Given that the gut microbiome affects our body far beyond our digestive system, it should not be a surprise that fermented foods are associated with multiple health benefits. They help support digestion, may reduce symptoms of IBS, can improve blood sugar control and support good mental health and cognitive function. Fermented milk products such as kefir and yoghurt can help increase lactose tolerance in people who are normally intolerant. Fermenting vegetables such as cabbage helps to make the nutrients they contain more available to the body.
Some of the most consumed and most readily available fermented foods are “the 4 Ks”: kefir (a fermented milk drink), kombucha (fermented green tea), kimchi (a Korean fermented vegetable dish) and kraut (sauerkraut, fermented cabbage). It is cheap and relatively easy to make your own fermented foods at home. However, if you have never eaten fermented foods you might prefer to buy some to try at first, and they are now readily available in large supermarkets as well as in health food shops. When buying sauerkraut or kimchi, make sure to choose a non-pasteurised and fermented version; it should not contain vinegar. Click here for an easy sauerkraut recipe.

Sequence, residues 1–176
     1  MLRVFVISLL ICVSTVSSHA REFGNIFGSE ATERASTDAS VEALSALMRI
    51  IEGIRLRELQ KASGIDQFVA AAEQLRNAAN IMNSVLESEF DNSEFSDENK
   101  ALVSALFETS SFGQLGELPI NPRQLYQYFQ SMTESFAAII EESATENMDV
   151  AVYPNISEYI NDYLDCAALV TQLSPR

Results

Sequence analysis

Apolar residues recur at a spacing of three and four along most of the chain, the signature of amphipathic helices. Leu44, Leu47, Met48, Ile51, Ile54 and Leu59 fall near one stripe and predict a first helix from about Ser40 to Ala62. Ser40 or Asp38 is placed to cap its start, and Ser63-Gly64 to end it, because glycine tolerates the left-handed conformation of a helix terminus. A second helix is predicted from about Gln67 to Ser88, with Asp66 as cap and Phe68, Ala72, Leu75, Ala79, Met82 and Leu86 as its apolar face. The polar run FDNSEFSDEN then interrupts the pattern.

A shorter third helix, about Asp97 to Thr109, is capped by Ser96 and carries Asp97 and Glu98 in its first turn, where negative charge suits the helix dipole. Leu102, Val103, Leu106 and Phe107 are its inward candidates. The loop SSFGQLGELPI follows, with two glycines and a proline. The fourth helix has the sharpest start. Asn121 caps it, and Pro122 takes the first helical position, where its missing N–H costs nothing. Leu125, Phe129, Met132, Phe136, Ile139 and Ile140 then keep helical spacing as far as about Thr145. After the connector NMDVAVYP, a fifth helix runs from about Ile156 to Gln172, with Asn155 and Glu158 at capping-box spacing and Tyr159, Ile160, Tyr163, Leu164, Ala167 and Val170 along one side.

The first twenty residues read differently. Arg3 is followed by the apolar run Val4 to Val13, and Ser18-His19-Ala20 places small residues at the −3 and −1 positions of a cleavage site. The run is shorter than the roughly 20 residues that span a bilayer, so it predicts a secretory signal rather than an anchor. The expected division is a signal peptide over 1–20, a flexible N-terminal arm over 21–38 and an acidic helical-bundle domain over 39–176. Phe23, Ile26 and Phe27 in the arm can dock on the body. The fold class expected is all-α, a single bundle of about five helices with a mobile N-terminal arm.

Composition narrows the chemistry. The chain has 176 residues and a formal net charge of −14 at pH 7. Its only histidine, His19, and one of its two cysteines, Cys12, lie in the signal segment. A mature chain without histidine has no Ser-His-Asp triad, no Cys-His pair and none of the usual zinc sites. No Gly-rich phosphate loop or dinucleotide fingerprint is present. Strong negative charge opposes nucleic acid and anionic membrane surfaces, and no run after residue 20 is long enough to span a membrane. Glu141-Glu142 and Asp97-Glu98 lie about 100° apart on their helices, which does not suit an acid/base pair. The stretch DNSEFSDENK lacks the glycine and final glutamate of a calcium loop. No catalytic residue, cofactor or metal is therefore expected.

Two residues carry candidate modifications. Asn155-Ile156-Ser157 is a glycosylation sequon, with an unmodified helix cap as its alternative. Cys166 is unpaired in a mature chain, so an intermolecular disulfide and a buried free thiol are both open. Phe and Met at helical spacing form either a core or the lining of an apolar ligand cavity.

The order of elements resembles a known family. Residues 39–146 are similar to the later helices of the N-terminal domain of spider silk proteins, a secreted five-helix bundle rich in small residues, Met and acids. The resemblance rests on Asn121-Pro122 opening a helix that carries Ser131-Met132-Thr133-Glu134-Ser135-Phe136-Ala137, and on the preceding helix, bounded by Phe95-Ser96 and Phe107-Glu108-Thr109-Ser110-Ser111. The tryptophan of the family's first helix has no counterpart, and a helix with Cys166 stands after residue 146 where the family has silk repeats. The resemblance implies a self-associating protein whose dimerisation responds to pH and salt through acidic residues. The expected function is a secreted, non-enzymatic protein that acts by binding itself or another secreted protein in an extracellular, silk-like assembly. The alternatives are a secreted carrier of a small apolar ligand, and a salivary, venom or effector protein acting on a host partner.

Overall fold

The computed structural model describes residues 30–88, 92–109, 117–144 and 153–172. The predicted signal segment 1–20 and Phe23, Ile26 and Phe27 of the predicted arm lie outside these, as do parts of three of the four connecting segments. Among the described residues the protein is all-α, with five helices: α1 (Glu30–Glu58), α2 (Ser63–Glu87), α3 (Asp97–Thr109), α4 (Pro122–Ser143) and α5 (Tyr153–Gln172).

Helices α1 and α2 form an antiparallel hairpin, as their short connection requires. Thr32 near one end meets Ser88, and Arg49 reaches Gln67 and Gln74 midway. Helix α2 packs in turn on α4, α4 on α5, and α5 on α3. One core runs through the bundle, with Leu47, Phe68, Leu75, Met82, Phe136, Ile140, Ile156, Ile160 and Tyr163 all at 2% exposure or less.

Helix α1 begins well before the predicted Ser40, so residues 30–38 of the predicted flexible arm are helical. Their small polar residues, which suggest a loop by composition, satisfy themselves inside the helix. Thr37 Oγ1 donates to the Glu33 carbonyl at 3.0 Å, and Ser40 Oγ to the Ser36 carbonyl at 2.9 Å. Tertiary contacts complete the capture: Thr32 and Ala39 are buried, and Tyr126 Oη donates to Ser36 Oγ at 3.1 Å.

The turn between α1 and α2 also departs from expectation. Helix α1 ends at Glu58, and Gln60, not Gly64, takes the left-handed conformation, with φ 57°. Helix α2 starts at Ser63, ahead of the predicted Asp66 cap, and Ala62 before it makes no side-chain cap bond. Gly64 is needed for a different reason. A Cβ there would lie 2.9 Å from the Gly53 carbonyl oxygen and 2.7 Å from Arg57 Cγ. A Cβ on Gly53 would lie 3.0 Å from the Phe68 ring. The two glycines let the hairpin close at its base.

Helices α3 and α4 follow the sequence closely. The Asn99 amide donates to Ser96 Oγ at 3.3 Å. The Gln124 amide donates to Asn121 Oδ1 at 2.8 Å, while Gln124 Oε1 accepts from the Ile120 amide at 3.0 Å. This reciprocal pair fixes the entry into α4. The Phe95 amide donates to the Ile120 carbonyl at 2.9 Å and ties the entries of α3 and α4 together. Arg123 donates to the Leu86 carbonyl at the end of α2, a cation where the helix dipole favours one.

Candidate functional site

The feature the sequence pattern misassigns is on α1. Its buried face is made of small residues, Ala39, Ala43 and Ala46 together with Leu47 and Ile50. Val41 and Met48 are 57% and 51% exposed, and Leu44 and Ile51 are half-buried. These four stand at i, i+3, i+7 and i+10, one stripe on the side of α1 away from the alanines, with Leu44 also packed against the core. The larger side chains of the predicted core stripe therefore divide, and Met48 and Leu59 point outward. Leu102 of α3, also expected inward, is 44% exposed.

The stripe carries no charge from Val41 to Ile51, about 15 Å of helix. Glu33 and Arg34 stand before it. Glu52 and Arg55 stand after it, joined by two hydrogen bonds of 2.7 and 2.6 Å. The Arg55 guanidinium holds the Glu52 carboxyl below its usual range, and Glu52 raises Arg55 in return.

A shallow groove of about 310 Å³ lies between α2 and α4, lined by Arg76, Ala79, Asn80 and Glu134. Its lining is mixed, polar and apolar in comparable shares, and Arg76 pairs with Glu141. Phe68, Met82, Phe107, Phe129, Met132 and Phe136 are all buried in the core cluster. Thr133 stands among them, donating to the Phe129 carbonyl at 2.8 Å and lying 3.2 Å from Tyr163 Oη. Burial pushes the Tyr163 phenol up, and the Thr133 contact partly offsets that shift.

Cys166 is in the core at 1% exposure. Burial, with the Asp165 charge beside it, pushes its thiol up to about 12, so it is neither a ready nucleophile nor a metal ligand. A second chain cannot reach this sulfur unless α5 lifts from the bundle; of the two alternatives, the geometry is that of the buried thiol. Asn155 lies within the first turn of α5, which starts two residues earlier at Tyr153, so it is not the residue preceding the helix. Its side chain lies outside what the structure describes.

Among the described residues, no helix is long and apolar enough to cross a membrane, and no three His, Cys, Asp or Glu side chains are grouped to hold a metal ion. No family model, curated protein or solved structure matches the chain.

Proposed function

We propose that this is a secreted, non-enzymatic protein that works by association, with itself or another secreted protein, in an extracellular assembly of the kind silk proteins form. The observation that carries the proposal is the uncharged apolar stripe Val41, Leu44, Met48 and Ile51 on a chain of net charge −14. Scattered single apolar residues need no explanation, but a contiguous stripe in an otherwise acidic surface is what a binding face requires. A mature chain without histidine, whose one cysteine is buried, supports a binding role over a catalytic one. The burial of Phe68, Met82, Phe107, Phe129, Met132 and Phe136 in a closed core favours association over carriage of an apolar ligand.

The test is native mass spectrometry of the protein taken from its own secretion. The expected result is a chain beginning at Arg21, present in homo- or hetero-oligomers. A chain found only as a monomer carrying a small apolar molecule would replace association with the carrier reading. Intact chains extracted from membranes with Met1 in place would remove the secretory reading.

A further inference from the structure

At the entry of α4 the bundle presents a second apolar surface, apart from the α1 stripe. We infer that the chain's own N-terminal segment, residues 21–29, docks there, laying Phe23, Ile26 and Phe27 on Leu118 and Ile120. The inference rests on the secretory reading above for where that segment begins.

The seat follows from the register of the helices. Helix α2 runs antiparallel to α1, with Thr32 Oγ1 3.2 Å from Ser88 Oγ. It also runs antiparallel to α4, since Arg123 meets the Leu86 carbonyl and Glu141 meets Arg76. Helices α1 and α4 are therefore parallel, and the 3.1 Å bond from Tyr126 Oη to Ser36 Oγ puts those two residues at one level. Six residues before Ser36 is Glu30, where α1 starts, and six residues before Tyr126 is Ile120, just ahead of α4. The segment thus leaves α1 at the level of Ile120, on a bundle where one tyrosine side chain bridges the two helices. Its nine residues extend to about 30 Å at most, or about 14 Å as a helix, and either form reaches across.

It is best to eat fermented foods daily to benefit from them. A small amount is enough to start with; little and often is better than a large amount once a week.
In conclusion, both prebiotic and probiotic foods have distinct benefits, not just for our digestive system but for our health overall. An 2021 study found that while diets high in prebiotic fibres changed the microbiome and influenced the immune system, eating fermented foods was a better way to improve microbiome diversity. The ideal is to have a mix of both, so why not try including one or more prebiotic-rich foods and a small amount of fermented foods daily?
For more information on digestive health, why not book our seminar/webinar Good Health Starts in the Gut. Call 07966 478974 for more details.